Jeremy Ben-Ami’s Dec. 18 op-ed, “Redefining ‘pro-Israel,’ ” urged Israel “to proactively take bold, even risky, steps to establish a state of Palestine based on the pre-1967 lines with land swaps.”
Where has Mr. Ben-Ami been? In 1993, Israel entered the Oslo process with Yasser Arafat and the Palestine Liberation Organization. The process was intended to lead to final-status talks on the West Bank and Gaza Strip by 1998, but Palestinian terrorism, not mentioned by Mr. Ben-Ami, sabotaged it.
In 2000, Israel and the United States proposed to the PLO a West Bank and Gaza state, with East Jerusalem as its capital, in exchange for peace with the Jewish state. Bold, even risky. But this, too, Arafat rejected and soon after launched the “al-Aqsa intifada,” in which more than 1,000 Israelis and 4,000 Palestinians died. The offer was repeated and again rebuffed in early 2001. With Mr. Ben-Ami’s “land swaps” included, it was made by Israel and rejected by the Palestinian Authority (PA) in 2008.
Mr. Ben-Ami, the president of J Street, which calls itself a “pro-Israel” and “pro-peace” organization, did not mention these inconvenient facts. He was silent, too, on the 2006 triumph of the terrorist organization Hamas in Palestinian elections. He also said nothing about Hamas’s violent takeover of the Gaza Strip the next year. Likewise, he was mute on recurrent rocket and mortar attacks from the Gaza Strip and on incessant anti-Israel incitement by the Fatah-led PA in the West Bank.
Instead, Mr. Ben-Ami tilted at “pro-Israel hawks,” among whom he included “most Republican [presidential] candidates” for their allegedly “unqualified support for Israeli government policy,” and at their “echo chamber” of pro-Israel activists. These characters would make a scary bedtime story for anyone who’s forgotten that the Israeli government continues to invite Palestinian leaders to resume unconditional negotiations. This tale must frighten anyone who doesn’t know that the PA seeks a unilateral U.N. statehood declaration precisely to avoid the compromises with Israel implicit in U.N. Security Council Resolutions 242 and 338, the 1995 Israeli-Palestinian interim agreement and the 2003 international “road map.”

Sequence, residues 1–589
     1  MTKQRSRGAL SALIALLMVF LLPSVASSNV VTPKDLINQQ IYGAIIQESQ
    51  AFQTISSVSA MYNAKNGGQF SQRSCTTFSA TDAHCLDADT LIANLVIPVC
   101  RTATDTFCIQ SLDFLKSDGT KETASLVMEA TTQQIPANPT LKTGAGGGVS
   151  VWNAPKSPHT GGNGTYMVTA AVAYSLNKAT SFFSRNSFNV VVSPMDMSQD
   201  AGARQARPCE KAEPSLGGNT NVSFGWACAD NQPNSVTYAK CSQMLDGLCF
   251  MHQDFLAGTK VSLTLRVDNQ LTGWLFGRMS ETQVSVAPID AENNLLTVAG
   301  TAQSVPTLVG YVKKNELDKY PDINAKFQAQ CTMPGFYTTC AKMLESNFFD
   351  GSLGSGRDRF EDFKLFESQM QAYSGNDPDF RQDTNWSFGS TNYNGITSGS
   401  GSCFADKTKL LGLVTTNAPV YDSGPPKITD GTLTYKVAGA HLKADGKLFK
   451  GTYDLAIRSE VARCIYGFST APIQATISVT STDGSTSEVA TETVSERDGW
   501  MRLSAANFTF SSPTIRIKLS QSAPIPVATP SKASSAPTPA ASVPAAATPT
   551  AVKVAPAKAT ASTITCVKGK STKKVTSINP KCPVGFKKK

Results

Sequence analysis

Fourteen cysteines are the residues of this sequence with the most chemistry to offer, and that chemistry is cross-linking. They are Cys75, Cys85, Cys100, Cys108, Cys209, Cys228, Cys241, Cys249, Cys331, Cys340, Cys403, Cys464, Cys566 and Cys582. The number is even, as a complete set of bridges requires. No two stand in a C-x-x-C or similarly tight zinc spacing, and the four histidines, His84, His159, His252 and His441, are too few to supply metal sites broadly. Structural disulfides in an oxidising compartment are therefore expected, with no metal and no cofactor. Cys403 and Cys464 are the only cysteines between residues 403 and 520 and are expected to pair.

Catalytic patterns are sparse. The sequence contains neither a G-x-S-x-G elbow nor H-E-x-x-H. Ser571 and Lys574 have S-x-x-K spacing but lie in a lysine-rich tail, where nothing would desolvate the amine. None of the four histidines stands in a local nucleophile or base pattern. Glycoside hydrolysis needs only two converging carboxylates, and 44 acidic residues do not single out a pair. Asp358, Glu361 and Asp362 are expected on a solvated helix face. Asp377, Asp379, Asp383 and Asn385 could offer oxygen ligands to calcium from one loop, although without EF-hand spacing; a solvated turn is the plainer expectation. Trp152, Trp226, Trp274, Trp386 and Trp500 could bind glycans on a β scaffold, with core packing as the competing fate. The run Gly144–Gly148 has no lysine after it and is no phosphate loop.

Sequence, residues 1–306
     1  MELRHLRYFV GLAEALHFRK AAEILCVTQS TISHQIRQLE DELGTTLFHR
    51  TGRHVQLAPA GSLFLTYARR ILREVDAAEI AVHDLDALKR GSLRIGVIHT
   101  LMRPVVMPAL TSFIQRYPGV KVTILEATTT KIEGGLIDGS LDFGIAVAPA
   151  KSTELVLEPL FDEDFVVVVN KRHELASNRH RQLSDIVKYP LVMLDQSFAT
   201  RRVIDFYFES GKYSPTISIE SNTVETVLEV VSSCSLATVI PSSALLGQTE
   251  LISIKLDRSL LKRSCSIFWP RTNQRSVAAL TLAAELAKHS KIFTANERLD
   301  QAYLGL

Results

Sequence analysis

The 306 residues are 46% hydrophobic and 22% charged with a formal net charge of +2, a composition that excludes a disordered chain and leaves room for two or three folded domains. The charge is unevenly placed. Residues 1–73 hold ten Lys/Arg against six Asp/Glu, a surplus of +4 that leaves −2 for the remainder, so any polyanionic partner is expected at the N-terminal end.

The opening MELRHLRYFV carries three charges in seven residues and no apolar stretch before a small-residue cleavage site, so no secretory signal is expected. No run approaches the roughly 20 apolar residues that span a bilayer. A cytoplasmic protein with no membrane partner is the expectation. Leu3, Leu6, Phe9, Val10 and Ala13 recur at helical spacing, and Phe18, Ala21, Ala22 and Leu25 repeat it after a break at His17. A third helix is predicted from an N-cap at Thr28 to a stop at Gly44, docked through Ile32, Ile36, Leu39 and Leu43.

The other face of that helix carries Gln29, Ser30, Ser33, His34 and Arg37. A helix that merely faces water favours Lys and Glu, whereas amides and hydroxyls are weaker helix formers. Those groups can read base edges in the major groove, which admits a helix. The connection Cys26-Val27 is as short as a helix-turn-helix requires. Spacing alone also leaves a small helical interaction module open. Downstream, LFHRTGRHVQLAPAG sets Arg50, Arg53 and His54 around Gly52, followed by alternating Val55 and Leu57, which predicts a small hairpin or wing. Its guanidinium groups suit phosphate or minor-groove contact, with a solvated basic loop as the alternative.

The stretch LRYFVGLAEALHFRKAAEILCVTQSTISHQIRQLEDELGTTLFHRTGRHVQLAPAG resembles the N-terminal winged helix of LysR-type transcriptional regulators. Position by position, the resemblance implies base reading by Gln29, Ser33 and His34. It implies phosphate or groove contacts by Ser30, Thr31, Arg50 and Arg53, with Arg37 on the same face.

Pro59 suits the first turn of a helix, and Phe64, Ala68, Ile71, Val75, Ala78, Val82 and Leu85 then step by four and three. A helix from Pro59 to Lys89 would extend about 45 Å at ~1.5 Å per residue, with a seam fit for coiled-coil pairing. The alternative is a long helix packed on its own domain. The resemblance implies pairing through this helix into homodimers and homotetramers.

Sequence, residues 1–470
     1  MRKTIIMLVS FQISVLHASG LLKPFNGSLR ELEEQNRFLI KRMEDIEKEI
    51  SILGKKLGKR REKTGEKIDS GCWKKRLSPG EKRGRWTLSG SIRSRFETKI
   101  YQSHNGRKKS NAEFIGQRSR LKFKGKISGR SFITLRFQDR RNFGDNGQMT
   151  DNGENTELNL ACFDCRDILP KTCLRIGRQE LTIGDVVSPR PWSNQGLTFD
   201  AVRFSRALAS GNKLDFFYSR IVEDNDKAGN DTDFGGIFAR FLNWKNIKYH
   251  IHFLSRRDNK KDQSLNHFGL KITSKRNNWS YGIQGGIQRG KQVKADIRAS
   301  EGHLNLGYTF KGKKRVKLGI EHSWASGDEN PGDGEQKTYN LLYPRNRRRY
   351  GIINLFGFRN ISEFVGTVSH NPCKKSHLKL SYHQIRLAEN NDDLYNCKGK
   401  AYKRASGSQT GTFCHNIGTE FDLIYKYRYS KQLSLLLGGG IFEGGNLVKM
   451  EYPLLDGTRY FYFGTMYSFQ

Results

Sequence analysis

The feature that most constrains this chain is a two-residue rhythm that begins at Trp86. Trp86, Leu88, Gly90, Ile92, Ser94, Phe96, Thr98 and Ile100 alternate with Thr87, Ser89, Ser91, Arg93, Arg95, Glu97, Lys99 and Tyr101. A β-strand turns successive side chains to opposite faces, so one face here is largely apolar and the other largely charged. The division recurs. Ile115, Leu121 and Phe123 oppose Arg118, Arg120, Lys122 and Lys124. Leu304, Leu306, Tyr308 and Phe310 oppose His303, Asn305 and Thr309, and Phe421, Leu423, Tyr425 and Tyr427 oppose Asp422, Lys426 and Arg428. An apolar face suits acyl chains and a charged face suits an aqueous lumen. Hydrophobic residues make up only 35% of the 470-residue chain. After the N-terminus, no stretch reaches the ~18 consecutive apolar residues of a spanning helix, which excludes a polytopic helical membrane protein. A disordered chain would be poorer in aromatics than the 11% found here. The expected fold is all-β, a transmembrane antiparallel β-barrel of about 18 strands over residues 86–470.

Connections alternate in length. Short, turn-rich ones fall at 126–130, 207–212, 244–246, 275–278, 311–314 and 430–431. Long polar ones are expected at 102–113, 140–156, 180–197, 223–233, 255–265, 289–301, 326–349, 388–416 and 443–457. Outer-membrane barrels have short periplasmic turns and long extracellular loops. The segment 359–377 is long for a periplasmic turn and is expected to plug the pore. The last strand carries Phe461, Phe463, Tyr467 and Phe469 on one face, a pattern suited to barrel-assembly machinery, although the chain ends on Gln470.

The pro-Israel lobby is hardly part of Mr. Ben-Ami’s “political right” bogeyman; prominent Democrats have held leadership roles repeatedly. Yet someone coming from Mr. Ben-Ami’s position has to attempt to redefine “pro-Israel.”
Eric Rozenman, Washington
The writer is Washington director of the Committee for Accuracy in Middle East Reporting in America.
I have a simple definition to offer: To be “pro-Israel” is to respect Israel, its elected leaders and its policies. Israelis are not to be treated as pawns, with their fates dictated by foreigners. There are risks in whatever course Israel chooses. But since Israelis are the ones who would suffer any consequences, they, and they alone, have the right to chart that course, just as we Americans get to choose our destiny.
I am against a two-state solution because I believe it would lead to extreme bloodshed on both sides of the conflict. Every concession made by Israel has emboldened and empowered its enemies. There will be no end to the demand of the “right of return.”
There is no way to defend a divided Jerusalem when half calls for the destruction of the other side. Nevertheless, were the Israeli people to decide such a course, I would accept that decision, because I respect Israel and its elected leaders.
Melvin Farber, Silver Spring